Toronto composer takes no shortcuts when writing music for movies
Canadian Mychael Danna is nominated for a Golden Globe for best original score for his work on Ang Lee film Life of Pi. “There’s something really wonderful about being the musical interpreter of a film,” he says.
By: Nick Krewen Special to the Star, Published on Wed Jan 02 2013
When it comes to writing music for movies, Mychael Danna knows the score.
The 54-year-old Torontonian, recently nominated for a Golden Globe for his recent work on Ang Lee’s Life Of Pi, says composing music for movies is not for the feint of heart, often involving long hours, tight turnarounds, inflexible budgets and personal sacrifice.
“That’s just what it takes to write music that’s as good as it can be for a film,” explained Danna from his home studio as he prepped his day’s work the upcoming Atom Egoyan film Devil’s Knot.
“It’s the same situation for other composers that I talk to: It’s difficult on your personal life and not very many composers have hobbies.
“In order to be the best, that really is no shortcut other than putting in the hours. It’s certainly a career that asks a great deal of you.”
But the Winnipeg-born, Burlington-raised Danna, who will receive the Frederick Loewe Award for Film Composing on Saturday at the Palm Springs International Film Festival in recognition of the 94 films and TV movies he’s scored since 1987’s Egoyan film Family Viewing, simply loves his craft.
“There’s something really wonderful about being the musical interpreter of a film, and it’s a very special career,” declares Danna, who will almost certainly receive an Academy Award nomination next week for scoring and Best Original Song for “Pi’s Lullaby,” which he co-wrote with singer and songwriter Bombay Jayashri.
“I feel really fortunate to still be doing it.”
Renown for an ethnocentric musical sound that usually involves exotic non-Western instruments, Danna says he approaches film scoring not as a composer, but as a filmmaker.
“The film comes first and the story comes first, and whatever it is that you’re doing has to be based on that premise,” explains the man whose impressive film score portfolio includes the box office hits Moneyball, Little Miss Sunshine, Capote and The Time Traveler’s Wife.
“So every decision you make, every note you choose, has to be coloured by your conception within the story of what it is that the music is adding to the story. And that’s where the discussions with the director begin: Why did you make this film? What is you’re trying to say? What do you want people to be left with?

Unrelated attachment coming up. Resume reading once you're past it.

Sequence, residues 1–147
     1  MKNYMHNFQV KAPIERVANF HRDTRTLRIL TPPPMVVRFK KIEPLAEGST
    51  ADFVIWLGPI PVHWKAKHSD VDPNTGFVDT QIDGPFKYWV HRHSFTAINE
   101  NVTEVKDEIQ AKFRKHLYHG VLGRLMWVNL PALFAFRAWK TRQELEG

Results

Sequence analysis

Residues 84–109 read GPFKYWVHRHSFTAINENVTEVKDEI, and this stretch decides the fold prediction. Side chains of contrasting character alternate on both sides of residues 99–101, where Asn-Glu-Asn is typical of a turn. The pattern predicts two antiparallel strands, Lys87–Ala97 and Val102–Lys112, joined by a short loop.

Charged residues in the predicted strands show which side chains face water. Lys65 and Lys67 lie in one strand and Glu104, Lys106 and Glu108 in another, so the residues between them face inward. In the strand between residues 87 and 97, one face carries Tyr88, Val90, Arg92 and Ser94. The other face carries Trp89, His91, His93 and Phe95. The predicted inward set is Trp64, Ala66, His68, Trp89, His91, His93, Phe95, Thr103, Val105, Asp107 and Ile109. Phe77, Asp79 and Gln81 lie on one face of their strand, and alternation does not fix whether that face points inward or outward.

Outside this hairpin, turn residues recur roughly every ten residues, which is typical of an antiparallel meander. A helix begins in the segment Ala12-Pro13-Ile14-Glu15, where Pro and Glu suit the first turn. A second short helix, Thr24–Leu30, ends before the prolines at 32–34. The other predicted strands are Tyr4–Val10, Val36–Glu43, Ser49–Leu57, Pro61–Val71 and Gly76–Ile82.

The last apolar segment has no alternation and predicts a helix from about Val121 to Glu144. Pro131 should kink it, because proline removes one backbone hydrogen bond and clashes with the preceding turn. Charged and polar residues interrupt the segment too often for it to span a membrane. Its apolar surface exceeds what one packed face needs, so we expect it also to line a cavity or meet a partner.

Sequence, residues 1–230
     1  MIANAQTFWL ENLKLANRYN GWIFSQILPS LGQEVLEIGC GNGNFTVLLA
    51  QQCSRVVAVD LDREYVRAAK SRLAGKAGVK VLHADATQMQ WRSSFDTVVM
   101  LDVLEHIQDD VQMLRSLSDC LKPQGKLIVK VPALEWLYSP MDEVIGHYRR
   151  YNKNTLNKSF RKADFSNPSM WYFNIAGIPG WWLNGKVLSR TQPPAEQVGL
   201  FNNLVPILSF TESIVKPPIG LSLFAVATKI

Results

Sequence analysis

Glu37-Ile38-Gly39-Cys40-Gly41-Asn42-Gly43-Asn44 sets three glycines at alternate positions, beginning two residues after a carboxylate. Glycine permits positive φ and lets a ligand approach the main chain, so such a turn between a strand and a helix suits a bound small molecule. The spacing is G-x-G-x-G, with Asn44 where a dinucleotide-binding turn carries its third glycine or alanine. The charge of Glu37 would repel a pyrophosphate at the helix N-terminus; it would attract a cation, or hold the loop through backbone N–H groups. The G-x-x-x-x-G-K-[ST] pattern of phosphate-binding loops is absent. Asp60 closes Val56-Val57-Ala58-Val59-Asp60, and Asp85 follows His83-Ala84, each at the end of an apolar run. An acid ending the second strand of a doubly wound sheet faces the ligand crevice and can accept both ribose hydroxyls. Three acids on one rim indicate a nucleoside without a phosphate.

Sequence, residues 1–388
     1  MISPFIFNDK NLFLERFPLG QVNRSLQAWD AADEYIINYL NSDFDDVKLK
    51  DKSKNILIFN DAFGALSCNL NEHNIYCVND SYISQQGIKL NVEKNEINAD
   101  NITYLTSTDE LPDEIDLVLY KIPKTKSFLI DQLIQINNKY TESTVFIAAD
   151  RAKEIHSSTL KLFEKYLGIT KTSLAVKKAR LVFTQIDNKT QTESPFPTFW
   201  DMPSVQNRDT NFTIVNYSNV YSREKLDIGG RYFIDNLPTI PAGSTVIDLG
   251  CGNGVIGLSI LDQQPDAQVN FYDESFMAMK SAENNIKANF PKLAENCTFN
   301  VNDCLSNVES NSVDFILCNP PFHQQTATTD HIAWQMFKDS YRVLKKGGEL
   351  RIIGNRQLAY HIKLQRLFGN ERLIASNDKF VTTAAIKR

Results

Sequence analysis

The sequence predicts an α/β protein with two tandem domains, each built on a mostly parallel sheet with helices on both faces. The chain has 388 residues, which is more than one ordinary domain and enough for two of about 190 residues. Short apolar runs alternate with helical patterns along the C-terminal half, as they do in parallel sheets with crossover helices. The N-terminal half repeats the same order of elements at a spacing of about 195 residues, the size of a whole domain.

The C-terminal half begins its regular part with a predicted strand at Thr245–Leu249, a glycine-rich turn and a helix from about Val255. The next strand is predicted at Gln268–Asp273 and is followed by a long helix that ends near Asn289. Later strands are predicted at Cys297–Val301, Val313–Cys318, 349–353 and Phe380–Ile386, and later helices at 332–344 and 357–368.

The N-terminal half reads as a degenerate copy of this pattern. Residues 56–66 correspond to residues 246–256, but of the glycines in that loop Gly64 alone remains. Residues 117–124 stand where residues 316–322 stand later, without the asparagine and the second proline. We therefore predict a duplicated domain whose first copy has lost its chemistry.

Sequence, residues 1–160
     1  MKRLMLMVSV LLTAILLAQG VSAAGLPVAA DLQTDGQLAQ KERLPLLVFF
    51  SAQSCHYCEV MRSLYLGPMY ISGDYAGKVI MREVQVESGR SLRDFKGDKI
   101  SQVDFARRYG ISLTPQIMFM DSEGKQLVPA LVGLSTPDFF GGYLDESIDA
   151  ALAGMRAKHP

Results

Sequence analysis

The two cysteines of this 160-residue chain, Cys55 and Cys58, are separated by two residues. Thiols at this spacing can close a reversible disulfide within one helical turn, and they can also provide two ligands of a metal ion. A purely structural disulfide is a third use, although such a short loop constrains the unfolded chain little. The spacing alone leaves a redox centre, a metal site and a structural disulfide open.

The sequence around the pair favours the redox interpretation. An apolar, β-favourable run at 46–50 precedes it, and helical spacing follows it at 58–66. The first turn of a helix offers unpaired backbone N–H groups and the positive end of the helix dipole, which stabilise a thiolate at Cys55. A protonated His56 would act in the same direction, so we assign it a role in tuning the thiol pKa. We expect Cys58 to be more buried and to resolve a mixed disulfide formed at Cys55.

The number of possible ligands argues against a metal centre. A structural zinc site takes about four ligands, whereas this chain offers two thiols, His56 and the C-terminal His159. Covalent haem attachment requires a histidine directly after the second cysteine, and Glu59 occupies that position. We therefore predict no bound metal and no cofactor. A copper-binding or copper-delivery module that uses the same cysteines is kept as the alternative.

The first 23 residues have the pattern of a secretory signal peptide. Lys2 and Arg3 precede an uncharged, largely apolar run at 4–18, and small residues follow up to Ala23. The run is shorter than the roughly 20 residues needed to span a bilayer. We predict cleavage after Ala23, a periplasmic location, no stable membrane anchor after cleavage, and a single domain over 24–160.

“You have to be aware of the arc of the film and character development — all of these things have to be central to your thinking and your approach to what it is you’re doing. The music has to work for the moment it’s being heard, but it also needs to work on the large arc of the film and have a direction and have a kind of map laid out for it that helps the film tell its story.”
There are a couple of other challenges. First, there’s the time crunch. Danna says his job usually starts after just about every other aspect of the production has been completed.
“When they’re approaching a final edit, the film has been shot and the editor and director are sitting there for 10 or 12 weeks to come up with their final cut, the composer comes on usually halfway though that process.”
Then there’s the budget, from which Danna must cover all costs including studio time, musicians, orchestrators, conductors, mixing costs and his composer’s fee.
And while the composer may have been promised a certain budget, Danna says that can change by the time a film score is ready to be prepared.
“The composer is the last guy in the chain, so very often when you talk to them a year before the final date, there will be a certain number, and by the time they’re ready for you to start working, they’ll say, ‘Oh, we had to use that for contingency. We had to reshoot or something and now you have half your budget,” he explains.
“That’s not uncommon, and budgets are certainly more challenged now in a way than they have been for a long time. So quite often the composer has to make a lot out of not very much, and find creative ways to do what needs to be done for less.”
Danna says score budgets can range from $20,000 to $2 million, but whatever the number, quality standards must remain high.
“Certainly you can do a beautiful film score for say, $20,000, as well as $2 million. However, the $20,000 score will not be for full orchestra. It might be one or two players. The $2 million score can have a choir in London and many, many large orchestral sessions recorded in the best studios in Los Angeles, London, or wherever you want.”
Danna spent a year on The Life Of Pi, recording in five countries including Toronto, where he collaborated with the Evergreen Club Contemporary Gamelan Ensemble and Bansuri player Jatinder Jeetu, and says he prefers “dangerous filmmaking” instead of typical Hollywood fare.
“That sense of danger in filmmaking is really attractive to me. I really thrive and I’m the most worried when I’m outside of my comfort zone. That’s really when I think the best work can be done.”
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